Global discrepancies between healthcare systems and access to care, as well as the need to engage the voice and vision of nurses in this dialogue, spurred STTI to convene the Global Advisory Panel on the Future of Nursing & Midwifery (GAPFON). I look forward to the release of the final GAPFON report this month.
5. How often do new students ask you about some medical finding they heard discussed by a celebrity doctor?
Our undergraduate students are media-savvy for the most part and can distinguish a reliable source from an unreliable source. From time to time, they ask about these things. I worry more about the general public who are not healthcare providers and have trouble making a distinction about reliability. It is a thorny problem -- we want everyone to be informed but there is so much information with so much variation in quality and accuracy!
6. Have you ever been afraid of a patient? (If so, can you briefly describe the situation?)
As a home healthcare nurse, I have been in settings where there were safety hazards like mean dogs, shotguns behind doors or under mattresses, or unsafe conditions such as porches about to collapse. I never had a patient I was frightened of, though. And I could always figure out how to deal with the safety hazards. For example, I carried dog treats in a Ziploc bag in my nurse's bag, or I'd ask the patient to put the firearm away until I was done with my visit.
7. Do you discuss drug costs with patients?
When I practiced as a home healthcare nurse, I did discuss drug costs. Drug costs forced some patients to choose between taking the prescribed drug and buying food. I was lucky enough to practice in systems where there were resources for patients who could not afford their prescribed drugs.
8. What do you consider the best advice you could offer patients (medical or otherwise)?
Talk with your primary provider about what you want for your health. It is in everyone's best interest to share your preferences. Almost all providers are willing to have those kinds of discussions, as it improves their ability to care for you. I am still surprised by the number of people who tell me things like: "I don't want to take a statin." But they haven't told their provider that -- they just don't fill the prescription.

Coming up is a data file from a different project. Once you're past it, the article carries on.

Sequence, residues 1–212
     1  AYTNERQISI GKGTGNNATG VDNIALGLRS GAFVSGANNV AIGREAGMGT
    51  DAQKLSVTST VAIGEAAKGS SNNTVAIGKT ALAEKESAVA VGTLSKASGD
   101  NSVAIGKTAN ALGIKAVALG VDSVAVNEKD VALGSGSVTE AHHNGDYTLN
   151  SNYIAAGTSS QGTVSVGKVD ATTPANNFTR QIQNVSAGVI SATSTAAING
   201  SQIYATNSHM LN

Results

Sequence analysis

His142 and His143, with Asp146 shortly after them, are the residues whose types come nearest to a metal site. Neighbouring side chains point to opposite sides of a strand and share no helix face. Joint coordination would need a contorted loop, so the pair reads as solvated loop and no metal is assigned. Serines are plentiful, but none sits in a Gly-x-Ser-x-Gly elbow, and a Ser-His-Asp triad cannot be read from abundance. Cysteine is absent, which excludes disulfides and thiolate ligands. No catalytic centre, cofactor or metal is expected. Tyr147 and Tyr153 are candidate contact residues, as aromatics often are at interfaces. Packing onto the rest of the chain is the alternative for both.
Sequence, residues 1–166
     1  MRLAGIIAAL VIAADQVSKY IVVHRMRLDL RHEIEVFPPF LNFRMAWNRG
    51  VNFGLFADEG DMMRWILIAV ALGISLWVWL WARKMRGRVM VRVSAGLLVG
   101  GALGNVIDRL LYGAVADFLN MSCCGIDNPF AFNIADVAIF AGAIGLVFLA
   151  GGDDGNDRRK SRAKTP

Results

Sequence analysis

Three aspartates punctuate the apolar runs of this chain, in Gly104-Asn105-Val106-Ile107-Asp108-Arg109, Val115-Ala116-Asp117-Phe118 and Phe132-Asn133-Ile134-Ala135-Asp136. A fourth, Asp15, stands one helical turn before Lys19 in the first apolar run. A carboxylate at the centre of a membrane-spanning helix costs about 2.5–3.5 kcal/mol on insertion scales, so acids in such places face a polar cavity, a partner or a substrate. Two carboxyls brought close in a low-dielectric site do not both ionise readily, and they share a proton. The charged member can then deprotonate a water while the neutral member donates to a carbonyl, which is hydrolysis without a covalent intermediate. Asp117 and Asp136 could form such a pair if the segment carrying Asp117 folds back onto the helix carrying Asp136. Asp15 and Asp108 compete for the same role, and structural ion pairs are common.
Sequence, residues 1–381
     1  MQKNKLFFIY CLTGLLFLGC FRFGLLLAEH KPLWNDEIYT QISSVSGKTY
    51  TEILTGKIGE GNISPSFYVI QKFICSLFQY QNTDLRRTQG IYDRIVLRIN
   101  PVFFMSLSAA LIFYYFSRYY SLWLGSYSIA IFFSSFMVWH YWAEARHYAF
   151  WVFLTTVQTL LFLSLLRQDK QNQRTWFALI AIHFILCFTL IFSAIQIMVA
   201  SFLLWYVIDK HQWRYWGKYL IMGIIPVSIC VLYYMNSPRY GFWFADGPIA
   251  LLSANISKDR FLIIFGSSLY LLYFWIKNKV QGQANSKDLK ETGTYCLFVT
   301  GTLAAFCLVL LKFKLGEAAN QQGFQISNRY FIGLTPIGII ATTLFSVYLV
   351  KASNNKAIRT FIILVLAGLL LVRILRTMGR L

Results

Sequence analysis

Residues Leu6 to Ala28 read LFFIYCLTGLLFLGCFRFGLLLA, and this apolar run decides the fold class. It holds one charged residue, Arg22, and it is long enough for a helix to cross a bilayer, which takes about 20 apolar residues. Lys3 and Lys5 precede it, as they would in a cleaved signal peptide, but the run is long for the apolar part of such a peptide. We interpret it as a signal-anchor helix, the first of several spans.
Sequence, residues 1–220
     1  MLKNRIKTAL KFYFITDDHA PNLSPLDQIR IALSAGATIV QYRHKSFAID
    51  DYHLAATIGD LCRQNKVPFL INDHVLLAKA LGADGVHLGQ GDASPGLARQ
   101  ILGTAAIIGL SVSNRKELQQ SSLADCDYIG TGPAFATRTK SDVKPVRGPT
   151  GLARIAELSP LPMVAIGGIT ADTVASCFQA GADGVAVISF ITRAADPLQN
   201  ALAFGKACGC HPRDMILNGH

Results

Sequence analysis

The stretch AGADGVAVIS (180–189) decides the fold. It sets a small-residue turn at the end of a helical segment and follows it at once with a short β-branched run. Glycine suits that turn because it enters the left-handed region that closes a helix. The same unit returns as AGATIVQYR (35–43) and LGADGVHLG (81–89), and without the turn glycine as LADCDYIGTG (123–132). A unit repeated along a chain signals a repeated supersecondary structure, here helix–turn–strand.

9. If you weren't a nurse, what do you think you would be doing today?
When I was young I wanted to be a marine biologist and study sea mammals like orcas. But I think nursing is a wonderful profession, and I have had a great career. Nurses have the opportunities to support their patients as they experience life's greatest highs and lows. What an honor to be able to accompany people on this journey. Many nurses I have met from around the world share this view. How privileged we are to do this work.
10. What is the biggest difference between your expectations of nursing practice when you graduated from nursing school and the reality?
I knew that nurses could work in all kinds of settings, but until I had those opportunities, I did not appreciate that very well! Many people still have the misunderstanding that most nursing is in the acute care setting. Nurses are actually everywhere -- in homes, in workplaces, in clinics of all kinds, doing global health work, in government settings. We really do have so many choices!